A Deeper Discussion on the Peco and AmeriSouth Cost Segregation Cases

This blog discusses an article in the AICPA’s Tax Adviser entitled, “Is the Value of Cost Segregation Depreciating?” The title of the article is very misleading, because if you read the article through to the conclusion, it clearly states that there’s still incredible value in cost segregation studies than there were before these cases were decided, not less value. The title really gives the wrong impression.

Two cases are addressed in the article, the first of which is AmeriSouth. That was a situation where the IRS attacked a cost segregation study that was done on several residential apartment units AmeriSouth was trying to reclassify as shorter-life assets that the cost segregation study had identified. The IRS wanted to reclassify them as 27.5-year structural components instead.

Before the case went to trial in tax court, the original owners who were being audited (and who had the cost segregation study done) sold the property. After that, they did not communicate at all with the tax court, through their attorneys or by themselves, and the case went to trial. So, the only thing that the tax court judge had to rule on were the arguments presented by the IRS. That’s very significant, because, looking at the details of this case, I firmly believe that, had the defendant cited the five criteria in the Whiteco Factors, many of these asset re-classifications would have been upheld. A large body of precedential cases support much of what the cost segregation study accomplished.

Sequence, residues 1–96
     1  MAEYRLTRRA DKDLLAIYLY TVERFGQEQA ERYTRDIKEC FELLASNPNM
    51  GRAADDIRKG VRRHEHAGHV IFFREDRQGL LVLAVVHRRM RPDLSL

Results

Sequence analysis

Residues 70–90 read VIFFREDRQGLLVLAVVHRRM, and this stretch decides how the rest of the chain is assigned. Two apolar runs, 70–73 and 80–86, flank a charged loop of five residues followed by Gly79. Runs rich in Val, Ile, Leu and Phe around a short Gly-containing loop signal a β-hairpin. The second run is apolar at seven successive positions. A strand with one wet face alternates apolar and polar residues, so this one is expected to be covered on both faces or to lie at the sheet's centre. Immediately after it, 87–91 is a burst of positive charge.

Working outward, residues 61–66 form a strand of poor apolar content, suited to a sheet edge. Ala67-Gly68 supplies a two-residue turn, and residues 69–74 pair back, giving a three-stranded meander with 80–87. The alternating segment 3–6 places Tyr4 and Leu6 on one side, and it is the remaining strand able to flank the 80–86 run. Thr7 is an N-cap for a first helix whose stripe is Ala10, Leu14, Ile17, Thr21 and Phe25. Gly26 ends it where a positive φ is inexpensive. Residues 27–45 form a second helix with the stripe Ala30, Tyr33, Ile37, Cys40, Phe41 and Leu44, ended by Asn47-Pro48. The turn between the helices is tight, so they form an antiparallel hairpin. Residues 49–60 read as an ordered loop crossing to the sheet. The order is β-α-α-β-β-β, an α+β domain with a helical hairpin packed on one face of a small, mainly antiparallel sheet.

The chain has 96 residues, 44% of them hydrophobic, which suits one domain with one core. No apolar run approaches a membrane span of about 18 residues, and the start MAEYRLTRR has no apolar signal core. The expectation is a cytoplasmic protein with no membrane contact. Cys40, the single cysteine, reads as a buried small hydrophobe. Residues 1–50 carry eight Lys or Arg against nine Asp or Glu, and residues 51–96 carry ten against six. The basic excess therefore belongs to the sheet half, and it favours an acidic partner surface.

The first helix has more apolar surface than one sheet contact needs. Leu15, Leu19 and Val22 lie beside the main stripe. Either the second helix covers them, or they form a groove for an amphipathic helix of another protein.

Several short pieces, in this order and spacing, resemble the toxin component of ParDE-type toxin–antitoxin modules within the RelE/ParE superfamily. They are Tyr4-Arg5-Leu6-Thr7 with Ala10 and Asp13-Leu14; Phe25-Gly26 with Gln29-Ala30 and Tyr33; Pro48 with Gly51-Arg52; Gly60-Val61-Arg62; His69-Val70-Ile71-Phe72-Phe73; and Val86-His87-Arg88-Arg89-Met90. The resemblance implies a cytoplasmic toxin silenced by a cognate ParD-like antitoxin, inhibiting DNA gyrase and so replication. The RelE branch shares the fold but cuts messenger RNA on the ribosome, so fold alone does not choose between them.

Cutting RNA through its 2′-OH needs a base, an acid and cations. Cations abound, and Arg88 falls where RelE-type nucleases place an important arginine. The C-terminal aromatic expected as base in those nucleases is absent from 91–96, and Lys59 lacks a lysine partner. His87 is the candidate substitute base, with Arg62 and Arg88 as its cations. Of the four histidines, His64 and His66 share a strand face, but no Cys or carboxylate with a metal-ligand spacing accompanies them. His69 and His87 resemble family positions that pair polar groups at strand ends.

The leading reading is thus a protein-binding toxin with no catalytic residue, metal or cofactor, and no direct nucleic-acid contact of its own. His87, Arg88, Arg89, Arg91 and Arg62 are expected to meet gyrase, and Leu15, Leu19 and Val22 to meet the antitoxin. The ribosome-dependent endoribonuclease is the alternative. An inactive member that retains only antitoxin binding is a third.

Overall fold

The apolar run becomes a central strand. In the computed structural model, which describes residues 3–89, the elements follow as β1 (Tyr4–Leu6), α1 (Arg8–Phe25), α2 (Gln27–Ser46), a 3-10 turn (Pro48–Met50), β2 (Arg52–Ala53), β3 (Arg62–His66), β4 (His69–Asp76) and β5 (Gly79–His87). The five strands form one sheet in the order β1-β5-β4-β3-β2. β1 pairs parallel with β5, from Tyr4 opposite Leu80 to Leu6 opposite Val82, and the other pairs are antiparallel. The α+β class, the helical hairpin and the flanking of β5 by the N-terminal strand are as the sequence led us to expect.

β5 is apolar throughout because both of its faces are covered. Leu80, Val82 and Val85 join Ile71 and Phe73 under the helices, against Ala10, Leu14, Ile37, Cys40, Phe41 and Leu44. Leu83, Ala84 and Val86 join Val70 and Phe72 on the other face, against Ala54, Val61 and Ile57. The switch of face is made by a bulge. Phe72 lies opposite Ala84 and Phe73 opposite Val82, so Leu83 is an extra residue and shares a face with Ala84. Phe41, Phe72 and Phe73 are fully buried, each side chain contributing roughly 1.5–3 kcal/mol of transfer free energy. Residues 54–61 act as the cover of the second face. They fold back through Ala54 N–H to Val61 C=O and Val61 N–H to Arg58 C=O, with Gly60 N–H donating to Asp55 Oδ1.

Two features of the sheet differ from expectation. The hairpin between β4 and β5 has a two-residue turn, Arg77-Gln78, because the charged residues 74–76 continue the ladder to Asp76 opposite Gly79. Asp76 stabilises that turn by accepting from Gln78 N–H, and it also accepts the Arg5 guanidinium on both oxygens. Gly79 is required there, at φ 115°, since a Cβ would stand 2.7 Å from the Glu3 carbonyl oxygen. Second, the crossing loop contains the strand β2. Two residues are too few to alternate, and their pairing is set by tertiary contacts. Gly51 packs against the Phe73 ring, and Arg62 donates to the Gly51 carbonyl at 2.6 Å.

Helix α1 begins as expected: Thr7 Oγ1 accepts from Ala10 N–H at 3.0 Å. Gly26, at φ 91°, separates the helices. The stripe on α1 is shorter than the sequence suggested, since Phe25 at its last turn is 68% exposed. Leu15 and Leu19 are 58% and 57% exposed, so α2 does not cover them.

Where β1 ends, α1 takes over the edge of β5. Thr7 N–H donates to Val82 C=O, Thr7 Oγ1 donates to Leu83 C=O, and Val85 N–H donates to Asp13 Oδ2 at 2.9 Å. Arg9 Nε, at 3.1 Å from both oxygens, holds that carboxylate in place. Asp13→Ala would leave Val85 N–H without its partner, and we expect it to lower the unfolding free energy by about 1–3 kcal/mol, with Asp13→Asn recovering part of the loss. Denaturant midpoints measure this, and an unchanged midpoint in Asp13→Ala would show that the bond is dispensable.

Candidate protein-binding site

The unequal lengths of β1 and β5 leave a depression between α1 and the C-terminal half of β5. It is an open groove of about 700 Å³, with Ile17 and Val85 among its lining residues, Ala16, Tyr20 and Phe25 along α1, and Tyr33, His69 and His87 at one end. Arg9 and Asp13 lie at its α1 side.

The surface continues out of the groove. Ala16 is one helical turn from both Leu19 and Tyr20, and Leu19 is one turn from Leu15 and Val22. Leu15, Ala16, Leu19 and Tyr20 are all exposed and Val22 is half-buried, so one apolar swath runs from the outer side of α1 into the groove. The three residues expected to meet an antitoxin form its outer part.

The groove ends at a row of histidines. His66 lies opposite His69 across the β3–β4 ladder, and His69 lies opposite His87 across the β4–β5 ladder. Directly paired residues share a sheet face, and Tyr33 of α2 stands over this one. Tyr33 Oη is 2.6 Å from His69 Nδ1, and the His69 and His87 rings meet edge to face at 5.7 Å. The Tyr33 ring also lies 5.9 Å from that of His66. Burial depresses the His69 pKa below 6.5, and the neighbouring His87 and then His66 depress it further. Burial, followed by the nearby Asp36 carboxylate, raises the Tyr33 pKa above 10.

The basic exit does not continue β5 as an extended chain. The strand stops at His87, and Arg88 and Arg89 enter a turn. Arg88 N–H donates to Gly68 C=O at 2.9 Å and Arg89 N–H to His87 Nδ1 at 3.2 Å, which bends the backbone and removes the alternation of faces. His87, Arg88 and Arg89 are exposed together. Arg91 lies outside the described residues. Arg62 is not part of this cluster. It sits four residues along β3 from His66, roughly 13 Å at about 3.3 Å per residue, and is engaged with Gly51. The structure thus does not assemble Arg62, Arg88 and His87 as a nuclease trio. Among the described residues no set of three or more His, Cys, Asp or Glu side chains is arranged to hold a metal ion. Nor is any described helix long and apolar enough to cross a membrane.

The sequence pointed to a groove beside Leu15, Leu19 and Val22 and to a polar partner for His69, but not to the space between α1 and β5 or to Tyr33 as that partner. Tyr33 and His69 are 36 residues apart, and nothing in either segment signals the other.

It does appear that the cost segregation study done in AmeriSouth was more aggressive than what Concord Group does, and frankly, we disagreed with some of the classifications. You’ve got to have a firm that understands what can or cannot be reclassified as shorter-life assets within an appropriate cost segregation study.

The open-ended question at the end of the AmeriSouth case was, “Can the IRS use this case in the future as a precedent to support their position that some of these assets cannot be reclassified?” It’s our firm belief that there are plenty of other precedent-setting cases prior to AmeriSouth that would be easily defensible. AmeriSouth is a non-issue; it does not affect the effectiveness of cost segregation studies. In a situation where a case is, in essence, not defended, it will not hold as much merit as a case that was fully defended and pursued.

The second case that was cited in the article is Peco Foods. A buyer purchased an entire business: the building plan, the equipment and everything involved with the business. That’s a critical point – it was a business purchase rather than a single-asset purchase. Because it was a business purchase, the buyer had a cost segregation study performed so as to split up shorter-life assets. The issue was that in the purchase contract for the business and the assets, the purchase price was already allocated amongst the various classes of assets. It’s a long-term, often upheld understanding that, when the allocation of these asset classes is spelled out in a contractual agreement, that agreement is binding according to U.S. Code Section 1060. Code Section 1060 has been around for a long time.